Talking to the folks at the leading ADS-B manufacturers it’s easy to forget that just a year ago the prospects for making any money selling gear for the FAA’s next-gen surveillance scheme sounded far-fetched, because this year everybody who had ADS-B gear to sell was making money hand over fist. This was true for Sporty’s and Appareo who along with partner ForeFlight were early to market with the Stratus box, an $800 portable unit that gets ADS-B weather and displays it smartly on your ForeFlight app on your iPad . . . all wirelessly. It was also true for FreeFlight, which had a remote-mount ADS-B box that does In and Out and will soon link popular displays, says FreeFlight, all for around $6,000. Garmin was at Oshkosh this year with boxes of each variety, and flavors of all of the above, including a portable ADS-B unit that does weather and traffic. There were ADS-B solutions from Dual, from Sagetech, from SkyRadar and others, and customers were lining up to check them out and put their money down.
This should make the FAA happy, but it hasn’t. People are equipping with ADS-B because of the benefits (traffic and weather), just as the feds hoped they would, but they’re not doing it the right way, that is, by getting a panel-mount ADS-B with “out” capability.
Unless you have the “out” ability, which you only get with a certificated panel-mounted unit, you aren’t, to borrow the FAA’s term for it, participating. You’re coming to the potluck but you failed to bring a casserole. When 2020 rolls around, you’d better have that dish hot and ready if you want to fly places where there are houses and roads around. But for now, you can freeload. It’s what I’m doing.
The reason people can get by with ADS-B “In” only is because of the rise of portable units, which are a legal cheat, the existence of which the feds apparently never envisioned, unlike every aviation geek in the world who immediately thought of the idea of a portable receiver as soon as the FAA announced the weather benefit.
The issues with portables are twofold. First, they can never be ADS-B Out boxes because to do that, according to a RF guy I trust, they’d need to transmit at high power, so unless you want to cook lunch on the glareshield while you’re sending your signal, a portable ADS-B Out unit isn’t a great idea. It’s also questionably legal.
I say questionably, because the regulations, which require such equipment to meet the regs (not to be certified, mind you, but to meet them) are pretty fuzzy on the subject. That’s why you can have experimental transponders: because they have to meet the TSO but they don’t have to be TSO authorized. It’s the same with ADS-B.
The thing that the FAA didn’t see coming was that pilots were going to be more excited about the weather than the traffic. The Stratus box doesn’t even provide traffic, in part because the developers thought that ADS-B In only traffic wasn’t ready for prime time.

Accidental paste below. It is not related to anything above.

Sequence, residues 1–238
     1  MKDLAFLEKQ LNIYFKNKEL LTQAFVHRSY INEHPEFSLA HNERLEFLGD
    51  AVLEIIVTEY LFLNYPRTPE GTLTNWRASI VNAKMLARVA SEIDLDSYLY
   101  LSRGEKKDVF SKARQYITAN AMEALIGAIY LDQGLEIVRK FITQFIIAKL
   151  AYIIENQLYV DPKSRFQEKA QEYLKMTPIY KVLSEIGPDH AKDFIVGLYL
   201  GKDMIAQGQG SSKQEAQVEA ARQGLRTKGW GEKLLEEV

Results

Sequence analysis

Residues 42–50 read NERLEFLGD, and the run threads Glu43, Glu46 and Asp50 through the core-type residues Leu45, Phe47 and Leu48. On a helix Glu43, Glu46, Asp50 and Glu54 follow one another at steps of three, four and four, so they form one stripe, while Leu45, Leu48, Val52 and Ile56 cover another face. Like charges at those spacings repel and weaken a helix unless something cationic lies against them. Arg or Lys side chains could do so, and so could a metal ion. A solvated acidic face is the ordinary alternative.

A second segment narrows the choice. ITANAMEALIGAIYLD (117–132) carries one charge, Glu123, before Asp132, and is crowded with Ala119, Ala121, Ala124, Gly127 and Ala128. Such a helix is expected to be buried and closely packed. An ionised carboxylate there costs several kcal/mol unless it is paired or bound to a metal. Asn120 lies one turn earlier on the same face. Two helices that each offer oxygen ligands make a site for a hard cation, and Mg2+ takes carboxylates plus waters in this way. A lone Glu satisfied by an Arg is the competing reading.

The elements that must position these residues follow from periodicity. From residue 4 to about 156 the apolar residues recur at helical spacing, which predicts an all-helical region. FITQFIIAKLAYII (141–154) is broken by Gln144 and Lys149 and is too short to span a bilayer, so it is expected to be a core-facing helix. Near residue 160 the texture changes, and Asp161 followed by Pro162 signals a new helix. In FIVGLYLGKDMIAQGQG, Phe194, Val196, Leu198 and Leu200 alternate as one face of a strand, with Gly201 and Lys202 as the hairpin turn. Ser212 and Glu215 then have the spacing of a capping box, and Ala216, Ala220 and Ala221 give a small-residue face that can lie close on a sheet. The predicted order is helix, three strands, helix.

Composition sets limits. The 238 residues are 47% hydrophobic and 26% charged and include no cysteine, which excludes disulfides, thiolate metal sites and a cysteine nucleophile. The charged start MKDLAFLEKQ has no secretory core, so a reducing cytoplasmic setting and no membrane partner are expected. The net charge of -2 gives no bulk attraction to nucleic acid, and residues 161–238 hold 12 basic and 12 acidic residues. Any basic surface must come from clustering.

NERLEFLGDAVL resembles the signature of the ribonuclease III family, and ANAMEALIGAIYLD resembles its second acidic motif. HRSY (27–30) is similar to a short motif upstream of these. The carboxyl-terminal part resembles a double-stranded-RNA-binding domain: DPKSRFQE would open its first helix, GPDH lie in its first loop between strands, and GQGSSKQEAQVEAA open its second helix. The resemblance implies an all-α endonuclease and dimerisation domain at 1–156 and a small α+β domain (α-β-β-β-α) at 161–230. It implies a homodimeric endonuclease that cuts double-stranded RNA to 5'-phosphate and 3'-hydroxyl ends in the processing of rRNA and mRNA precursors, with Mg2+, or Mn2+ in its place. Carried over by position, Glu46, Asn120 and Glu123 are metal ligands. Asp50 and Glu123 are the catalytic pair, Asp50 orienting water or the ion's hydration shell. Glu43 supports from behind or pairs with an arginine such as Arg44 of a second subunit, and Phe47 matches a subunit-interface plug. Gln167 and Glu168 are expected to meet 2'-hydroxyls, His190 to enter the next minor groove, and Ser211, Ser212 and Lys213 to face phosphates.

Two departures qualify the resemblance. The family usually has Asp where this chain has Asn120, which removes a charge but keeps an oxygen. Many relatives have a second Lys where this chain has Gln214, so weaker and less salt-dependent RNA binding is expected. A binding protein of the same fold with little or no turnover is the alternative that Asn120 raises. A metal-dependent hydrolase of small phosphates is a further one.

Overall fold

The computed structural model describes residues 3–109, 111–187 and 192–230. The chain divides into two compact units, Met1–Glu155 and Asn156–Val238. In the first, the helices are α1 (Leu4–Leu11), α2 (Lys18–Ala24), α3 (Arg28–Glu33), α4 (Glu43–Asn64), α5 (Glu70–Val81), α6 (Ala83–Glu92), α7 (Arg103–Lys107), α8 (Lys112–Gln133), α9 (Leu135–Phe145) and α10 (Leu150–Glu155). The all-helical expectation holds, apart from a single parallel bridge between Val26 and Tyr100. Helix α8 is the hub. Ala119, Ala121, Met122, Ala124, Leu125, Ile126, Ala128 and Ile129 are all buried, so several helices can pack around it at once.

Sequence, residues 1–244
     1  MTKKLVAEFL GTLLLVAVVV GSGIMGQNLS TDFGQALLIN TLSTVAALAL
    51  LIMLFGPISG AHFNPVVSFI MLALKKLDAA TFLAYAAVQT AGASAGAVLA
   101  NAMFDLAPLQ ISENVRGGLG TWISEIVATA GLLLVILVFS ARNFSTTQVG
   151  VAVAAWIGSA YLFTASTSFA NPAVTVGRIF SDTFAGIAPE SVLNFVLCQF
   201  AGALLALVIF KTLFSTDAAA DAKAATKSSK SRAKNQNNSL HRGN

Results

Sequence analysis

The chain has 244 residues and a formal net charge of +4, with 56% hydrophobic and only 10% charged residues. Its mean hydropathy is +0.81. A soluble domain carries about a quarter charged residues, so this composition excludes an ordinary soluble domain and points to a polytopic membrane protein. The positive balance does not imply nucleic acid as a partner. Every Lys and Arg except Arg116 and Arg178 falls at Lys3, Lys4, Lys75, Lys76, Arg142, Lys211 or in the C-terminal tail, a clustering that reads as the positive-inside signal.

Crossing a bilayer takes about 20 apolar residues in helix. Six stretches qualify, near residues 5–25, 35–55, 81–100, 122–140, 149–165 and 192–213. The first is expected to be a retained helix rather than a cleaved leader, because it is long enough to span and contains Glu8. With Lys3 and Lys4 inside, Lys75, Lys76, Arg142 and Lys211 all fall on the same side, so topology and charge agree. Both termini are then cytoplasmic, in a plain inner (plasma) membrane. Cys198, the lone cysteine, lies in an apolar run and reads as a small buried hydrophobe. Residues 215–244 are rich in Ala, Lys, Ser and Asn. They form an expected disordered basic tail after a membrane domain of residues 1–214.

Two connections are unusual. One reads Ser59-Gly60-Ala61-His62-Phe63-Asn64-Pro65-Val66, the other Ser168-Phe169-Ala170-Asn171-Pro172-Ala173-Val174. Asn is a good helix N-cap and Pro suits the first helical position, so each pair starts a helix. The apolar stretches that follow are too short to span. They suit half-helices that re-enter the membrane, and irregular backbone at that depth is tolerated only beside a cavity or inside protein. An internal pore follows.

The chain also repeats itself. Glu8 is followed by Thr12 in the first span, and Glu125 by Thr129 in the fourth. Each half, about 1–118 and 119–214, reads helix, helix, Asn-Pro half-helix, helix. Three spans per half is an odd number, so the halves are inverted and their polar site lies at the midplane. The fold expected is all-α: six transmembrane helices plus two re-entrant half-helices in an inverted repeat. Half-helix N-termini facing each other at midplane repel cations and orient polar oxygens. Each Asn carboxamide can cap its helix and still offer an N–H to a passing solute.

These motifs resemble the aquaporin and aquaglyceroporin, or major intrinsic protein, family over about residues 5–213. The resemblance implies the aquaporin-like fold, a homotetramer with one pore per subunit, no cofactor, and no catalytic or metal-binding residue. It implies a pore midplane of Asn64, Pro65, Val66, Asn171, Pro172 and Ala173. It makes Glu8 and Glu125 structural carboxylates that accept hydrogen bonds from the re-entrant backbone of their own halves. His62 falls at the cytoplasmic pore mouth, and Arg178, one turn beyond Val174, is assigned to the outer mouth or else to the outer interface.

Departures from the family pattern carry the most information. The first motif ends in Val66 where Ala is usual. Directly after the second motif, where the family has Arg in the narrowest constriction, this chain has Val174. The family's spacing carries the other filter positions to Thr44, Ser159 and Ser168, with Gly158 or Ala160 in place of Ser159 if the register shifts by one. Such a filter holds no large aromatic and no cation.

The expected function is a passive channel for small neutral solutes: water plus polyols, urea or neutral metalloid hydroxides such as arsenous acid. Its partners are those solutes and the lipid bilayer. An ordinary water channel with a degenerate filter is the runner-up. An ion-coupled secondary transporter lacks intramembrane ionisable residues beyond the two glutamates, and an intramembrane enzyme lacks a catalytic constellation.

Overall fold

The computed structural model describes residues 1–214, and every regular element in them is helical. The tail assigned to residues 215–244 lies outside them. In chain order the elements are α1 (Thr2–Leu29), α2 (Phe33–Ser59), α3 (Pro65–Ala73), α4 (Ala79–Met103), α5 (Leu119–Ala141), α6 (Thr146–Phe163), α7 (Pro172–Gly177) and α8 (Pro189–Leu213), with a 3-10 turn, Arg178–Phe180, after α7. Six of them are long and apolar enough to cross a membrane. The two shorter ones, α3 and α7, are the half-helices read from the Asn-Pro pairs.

ADS-B traffic is really a “some traffic” awareness utility that leaves you completely blind to other traffic. If you are “in” only, then you only see ADS-B traffic in your line of sight, and other traffic that your ADS-B target is “lighting up” in proximity to a ground station.
The practical effect is that you see clumps of traffic around ground stations when an ADS-B target is nearby, which is great, but you’ll miss most of the rest of the targets pretty much the entire rest of the time.
Which leads to the question: Is it better to have some traffic than none at all? I think so, but reasonable pilots and reasonable manufacturers disagree on this one.
But it’s not that simple. (As though any of this is “simple.”) The FAA makes it even worse by purposely choosing to not send a lot of the traffic info to non-participating airplanes that airplanes with panel-mount gear do get. “If you don’t bring a record,” they seem to be saying, “we won’t let you dance at our party.” It’s their way of encouraging people to equip with ADS-B Out.
Which is all well and good until somebody with ADS-In hits somebody else they might otherwise have seen and the FAA has to explain why it took such a foolhardy risk with our safety.
The end result for the FAA is that there are going to be thousands of pilots (already are, in fact) flying around with ADS-B In waiting until 2020 or near then to equip. So the level of participation will be lower for longer as a result of the FAA’s ham-handed amateur motivational schemes, when if they had just left well enough alone, there’d be many more owners dropping certified gear into their panels and, hence, fully participating in this ADS-B scheme, which by its nature, requires a community commitment.
So much for the FAA’s social engineering plans.